Egypt's blocking of microblogging service Twitter appears to be doing a particularly bad job of keeping a lid on the situation in the country, as news of police beatings and riots in the streets leak out - and now Anonymous has turned its attention to the country.
Following the country's decision to block Twitter late last night as thousands of protesters took to the streets in anger at the thirty-year rule of the current president, digital vigilante posse Anonymous has started a campaign of distributed denial of service attacks against Egypt's Internet infrastructure.
According to a press release, the demands on the Egyptian government are simple: "Anonymous wants you to offer free access to uncensored media in your entire country. When you ignore this message, not only will we attack your government websites, Anonymous will also make sure that the international media sees the horrid reality you impose upon your people."
While this isn't the first politically motivated attack by Anonymous, it's an interesting move by a group better known for its support of file sharers and its hatred of those who attempt to litigate against those accused of uploading music, movies, and video games.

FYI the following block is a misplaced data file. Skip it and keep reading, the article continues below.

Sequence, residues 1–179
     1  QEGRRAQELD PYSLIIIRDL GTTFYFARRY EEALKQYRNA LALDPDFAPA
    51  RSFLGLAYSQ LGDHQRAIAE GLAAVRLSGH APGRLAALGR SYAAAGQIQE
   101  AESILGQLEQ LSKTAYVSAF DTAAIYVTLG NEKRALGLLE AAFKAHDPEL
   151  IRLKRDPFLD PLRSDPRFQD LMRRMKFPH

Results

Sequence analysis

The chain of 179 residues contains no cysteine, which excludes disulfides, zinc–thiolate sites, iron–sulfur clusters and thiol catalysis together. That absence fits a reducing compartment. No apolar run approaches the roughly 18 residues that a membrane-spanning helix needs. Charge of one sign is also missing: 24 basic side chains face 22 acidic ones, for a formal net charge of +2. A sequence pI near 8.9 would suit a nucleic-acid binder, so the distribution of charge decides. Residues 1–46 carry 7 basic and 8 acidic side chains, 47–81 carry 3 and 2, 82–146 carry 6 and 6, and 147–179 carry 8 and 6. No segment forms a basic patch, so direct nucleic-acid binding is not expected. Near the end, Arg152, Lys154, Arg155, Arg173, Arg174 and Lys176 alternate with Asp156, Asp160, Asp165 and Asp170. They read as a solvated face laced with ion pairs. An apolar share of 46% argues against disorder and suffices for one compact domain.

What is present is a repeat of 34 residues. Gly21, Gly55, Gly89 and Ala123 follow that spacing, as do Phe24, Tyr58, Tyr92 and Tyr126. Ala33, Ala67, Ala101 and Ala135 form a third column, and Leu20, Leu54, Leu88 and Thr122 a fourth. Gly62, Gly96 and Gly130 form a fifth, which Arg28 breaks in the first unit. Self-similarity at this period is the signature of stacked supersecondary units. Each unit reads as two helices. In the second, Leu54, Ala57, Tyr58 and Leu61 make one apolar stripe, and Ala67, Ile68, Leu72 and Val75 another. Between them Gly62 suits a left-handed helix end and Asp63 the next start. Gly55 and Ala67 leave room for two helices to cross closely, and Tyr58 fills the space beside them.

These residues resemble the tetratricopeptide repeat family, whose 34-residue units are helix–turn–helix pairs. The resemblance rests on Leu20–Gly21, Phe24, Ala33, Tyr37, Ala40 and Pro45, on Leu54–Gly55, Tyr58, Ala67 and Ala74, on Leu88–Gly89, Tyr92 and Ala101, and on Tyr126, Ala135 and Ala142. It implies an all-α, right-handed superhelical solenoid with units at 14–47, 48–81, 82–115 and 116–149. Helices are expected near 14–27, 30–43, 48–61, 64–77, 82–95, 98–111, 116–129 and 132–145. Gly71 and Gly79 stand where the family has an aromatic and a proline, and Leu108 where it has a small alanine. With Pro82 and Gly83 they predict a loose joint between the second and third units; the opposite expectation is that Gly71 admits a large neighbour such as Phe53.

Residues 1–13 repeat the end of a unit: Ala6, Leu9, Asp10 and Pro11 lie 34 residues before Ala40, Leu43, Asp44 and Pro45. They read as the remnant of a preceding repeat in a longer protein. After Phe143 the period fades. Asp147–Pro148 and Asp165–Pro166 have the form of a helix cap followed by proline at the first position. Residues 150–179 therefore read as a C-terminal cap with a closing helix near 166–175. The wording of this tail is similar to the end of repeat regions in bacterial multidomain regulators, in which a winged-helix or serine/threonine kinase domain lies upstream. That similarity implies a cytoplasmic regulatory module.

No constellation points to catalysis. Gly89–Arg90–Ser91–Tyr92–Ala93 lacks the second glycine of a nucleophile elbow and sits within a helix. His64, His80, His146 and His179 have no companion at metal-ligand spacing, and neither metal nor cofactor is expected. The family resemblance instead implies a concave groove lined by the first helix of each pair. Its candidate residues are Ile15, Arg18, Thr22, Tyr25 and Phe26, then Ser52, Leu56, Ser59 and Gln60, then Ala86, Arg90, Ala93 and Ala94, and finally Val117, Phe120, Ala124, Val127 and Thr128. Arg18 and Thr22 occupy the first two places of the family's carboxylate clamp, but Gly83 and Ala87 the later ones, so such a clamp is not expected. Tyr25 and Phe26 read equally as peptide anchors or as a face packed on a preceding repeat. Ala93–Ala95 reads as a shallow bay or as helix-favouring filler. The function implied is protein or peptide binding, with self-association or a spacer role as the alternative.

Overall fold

Meanwhile, despite the government's best attempts to block communications with the outside world, information about the protests in Tunisia continues to leak out - including a dramatic photo of a lone protester facing down a wall of riot police, which was posted on the social news site reddit today.
Guardian journalist Jack Shenker, meanwhile, has supplied the paper with perhaps the most shocking of revelations thus far: an audio recording of himself and several protesters being rounded up by police, driven through the city, and beaten.
It's clear, despite the Egyptian government's attempts at censorship, that things aren't going too well for President Hosni Mubarak.